Finding family housing as a student poses problems


Many BYU students are purchasing gifts for their loved ones with the holidays fast approaching. Some couples may even be purchasing a ring.

Approximately 25% of the BYU student body is married. Finding family housing as a student and on a student budget in Provo has proved to be difficult over the past few years.

Matthew and Lauren Felker married in June 2023. They have already found themselves in their third apartment as a married couple because of the struggles of finding affordable housing in Provo.

“By the time that we needed to move, we hadn’t been accepted to BYU on campus housing so we moved,” Felker said. 

The Felker’s moved into a basement apartment in American Fork, approximately 15 miles from campus. While they were happy to have a place to live, driving to campus every day posed some struggles.

“It’s 30 minutes there and 30 minutes back so we have been doing that commute every day since the semester started, which has been kind of crazy,” Felker said.

With apartment prices soaring and intense competition for leases, some students find themselves hopping between family members’ homes until they can find a place to live.

Junior Rachel James said she and her husband moved into multiple family members’ basements after they got married. Shuffling their possessions between different garages, they eventually ended up living in the apartment her brother had just moved out of with his wife.

“We decided we wanted to get married in the beginning of the year, for three or four months we were looking before we took this place,” James said.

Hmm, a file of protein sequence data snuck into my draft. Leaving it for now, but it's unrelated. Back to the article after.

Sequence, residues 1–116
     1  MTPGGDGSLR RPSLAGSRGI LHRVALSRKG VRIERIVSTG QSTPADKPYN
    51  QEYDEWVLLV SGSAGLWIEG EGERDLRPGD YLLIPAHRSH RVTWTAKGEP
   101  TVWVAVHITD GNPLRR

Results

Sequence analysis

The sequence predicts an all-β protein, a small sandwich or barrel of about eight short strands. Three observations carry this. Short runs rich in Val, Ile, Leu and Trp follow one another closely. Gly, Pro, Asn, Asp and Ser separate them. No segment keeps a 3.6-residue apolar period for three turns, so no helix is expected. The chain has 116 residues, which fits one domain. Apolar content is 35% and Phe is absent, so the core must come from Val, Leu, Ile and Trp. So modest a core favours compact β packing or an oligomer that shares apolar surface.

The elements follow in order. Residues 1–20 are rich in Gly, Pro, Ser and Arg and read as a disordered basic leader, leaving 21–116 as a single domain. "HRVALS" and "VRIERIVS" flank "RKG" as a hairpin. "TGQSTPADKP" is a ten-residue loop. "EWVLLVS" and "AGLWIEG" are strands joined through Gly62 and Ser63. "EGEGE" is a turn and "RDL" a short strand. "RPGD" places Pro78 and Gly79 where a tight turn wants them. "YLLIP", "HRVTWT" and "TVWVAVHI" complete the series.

Many couples try as hard as possible not to move once they have signed on a place, for fear they will not be able to find a new home.

“We are definitely going to stay here until we have to move,” she said. 

The continual turnover in Provo’s housing market poses challenges not only for the students moving. Bishop David Madrian, the leader of a local married student congregation, says it can be challenging to try and get to know churchgoers with such a constant flow of people.

“It is a huge challenge. It is hard for me as a bishop to remember people’s names even, and I feel badly,” Madrian said. 

Madrian said he worries about members of the congregation and tries to get to know all of them, however, the constant influx of new people makes it feel like an impossible task to form lasting connections.

“As a bishop, I feel a responsibility for them to come here and feel they are known and feel people care about them. And when I can’t even keep track of their names … I always worry,” Madrian said. 

Being unable to connect with neighbors and fellow church members can put even more strain on the lives of newlyweds.

According to the National Low-Income Housing Coalition, a person would need to work 115 hours each week to afford a one-bedroom apartment in the city of Provo while being paid minimum wage.

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